So far so good, everything works great. Now we put our awesome function into a nice package called dtexample. Add some roxygen documentation, add data.table into Imports in our DESCRIPTION, try to install our package. All still works. Run R CMD check for good measure and get 0 errors, 0 warnings and 0 notes, like a boss!

Now let’s see our function in action, from within the new package:

dtexample::sumData(mtcarsdt, "disp", "gear")
Error in get(y) : object 'disp' not found 

Oops. Something went wrong. Debugging such an issue can be tricky, especially if this happened in a more realistic setting, such as writing the function across multiple days and having a more complicated function than a one-liner. Most often the issue is inside the actual code, especially when passing around more complicated quoted expressions into data table’s subsetting machinery.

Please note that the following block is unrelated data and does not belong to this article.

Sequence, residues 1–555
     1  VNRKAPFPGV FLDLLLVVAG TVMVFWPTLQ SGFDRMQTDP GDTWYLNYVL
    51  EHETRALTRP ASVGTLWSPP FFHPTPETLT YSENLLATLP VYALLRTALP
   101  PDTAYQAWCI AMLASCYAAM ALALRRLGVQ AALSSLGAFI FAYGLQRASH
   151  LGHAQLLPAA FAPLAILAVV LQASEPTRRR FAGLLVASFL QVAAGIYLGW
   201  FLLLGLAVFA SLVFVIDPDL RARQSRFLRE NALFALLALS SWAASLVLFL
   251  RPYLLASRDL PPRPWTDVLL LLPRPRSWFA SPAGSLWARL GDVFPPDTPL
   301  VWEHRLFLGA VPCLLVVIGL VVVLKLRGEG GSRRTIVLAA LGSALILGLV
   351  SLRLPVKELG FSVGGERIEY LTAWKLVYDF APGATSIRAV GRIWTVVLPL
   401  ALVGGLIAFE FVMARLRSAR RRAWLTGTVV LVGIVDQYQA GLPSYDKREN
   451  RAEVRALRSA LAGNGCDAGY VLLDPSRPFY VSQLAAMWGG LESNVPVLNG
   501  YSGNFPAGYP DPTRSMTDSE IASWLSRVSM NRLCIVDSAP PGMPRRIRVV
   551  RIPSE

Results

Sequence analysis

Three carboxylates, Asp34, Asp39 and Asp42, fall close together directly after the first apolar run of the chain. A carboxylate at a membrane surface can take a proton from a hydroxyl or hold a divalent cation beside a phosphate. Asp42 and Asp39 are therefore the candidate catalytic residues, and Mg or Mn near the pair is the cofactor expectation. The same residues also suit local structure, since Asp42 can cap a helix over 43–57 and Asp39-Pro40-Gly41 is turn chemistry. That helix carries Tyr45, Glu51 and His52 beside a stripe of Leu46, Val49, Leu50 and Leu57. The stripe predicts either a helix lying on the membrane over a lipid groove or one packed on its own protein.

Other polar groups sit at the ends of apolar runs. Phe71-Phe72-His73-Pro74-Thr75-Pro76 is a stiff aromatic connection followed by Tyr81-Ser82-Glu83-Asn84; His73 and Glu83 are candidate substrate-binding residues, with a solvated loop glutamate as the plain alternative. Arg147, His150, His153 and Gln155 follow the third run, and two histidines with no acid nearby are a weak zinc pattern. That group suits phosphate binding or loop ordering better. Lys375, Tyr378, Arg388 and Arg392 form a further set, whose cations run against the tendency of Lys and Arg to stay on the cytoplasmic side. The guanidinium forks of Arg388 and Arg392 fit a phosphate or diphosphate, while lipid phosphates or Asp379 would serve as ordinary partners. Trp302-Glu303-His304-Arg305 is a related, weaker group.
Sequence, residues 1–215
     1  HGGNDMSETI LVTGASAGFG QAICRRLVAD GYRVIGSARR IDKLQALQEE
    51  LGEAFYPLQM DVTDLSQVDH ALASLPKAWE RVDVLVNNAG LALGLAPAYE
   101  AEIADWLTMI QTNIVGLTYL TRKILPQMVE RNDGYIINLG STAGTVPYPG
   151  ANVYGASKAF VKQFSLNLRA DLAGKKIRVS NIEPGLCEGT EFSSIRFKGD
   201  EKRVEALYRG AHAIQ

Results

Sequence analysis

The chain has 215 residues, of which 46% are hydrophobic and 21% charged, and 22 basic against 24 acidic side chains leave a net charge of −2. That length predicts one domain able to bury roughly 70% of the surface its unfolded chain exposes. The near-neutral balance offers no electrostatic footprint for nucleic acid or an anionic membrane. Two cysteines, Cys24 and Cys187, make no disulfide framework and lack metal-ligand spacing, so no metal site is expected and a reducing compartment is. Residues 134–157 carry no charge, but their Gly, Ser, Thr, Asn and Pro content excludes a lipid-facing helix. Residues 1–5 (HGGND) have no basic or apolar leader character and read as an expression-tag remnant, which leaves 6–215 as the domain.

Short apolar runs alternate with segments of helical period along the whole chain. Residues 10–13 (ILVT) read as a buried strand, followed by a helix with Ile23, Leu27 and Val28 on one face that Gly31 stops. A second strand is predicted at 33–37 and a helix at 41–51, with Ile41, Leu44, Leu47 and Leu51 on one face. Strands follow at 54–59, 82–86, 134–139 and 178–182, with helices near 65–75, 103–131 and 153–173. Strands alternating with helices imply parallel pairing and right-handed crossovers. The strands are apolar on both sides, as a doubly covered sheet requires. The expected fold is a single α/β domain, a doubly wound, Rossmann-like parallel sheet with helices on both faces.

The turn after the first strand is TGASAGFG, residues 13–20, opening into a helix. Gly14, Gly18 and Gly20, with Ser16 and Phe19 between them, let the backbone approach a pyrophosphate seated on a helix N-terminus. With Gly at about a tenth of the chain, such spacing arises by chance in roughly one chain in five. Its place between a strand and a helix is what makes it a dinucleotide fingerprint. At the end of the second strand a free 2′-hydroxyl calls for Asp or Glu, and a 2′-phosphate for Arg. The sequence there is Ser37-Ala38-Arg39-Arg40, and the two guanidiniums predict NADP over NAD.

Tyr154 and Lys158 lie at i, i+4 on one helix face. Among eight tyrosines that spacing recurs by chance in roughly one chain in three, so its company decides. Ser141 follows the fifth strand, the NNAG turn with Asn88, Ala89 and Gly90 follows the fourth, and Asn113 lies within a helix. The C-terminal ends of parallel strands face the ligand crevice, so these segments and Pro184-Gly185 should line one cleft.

# Traceback and datatable.verbose to the rescue

Let us look at the traceback() to get some insight into what is going on:

traceback()
## 5: get(y)
## 4: [.data.frame(x, i, j)
## 3: [.data.table(dt, , sum(get(y)), by = by) at sumData.R#12
## 2: dt[, sum(get(y)), by = by] at sumData.R#12
## 1: dtexample::sumData(dt, "disp", "gear")

Note the 4: despite the object being a data table (which is also confirmed by the third line of the traceback), the data frame method was called. It would also seem that this was deliberate on data table’s side. Let us turn on the datatable.verbose option and see what it has to say:

options(datatable.verbose = TRUE)
dtexample::sumData(mtcarsdt, "disp", "gear")
## cedta decided 'dtexample' wasn't data.table aware. Here is call stack with [[1L]] applied:
## [[1]]
## dtexample::sumData
##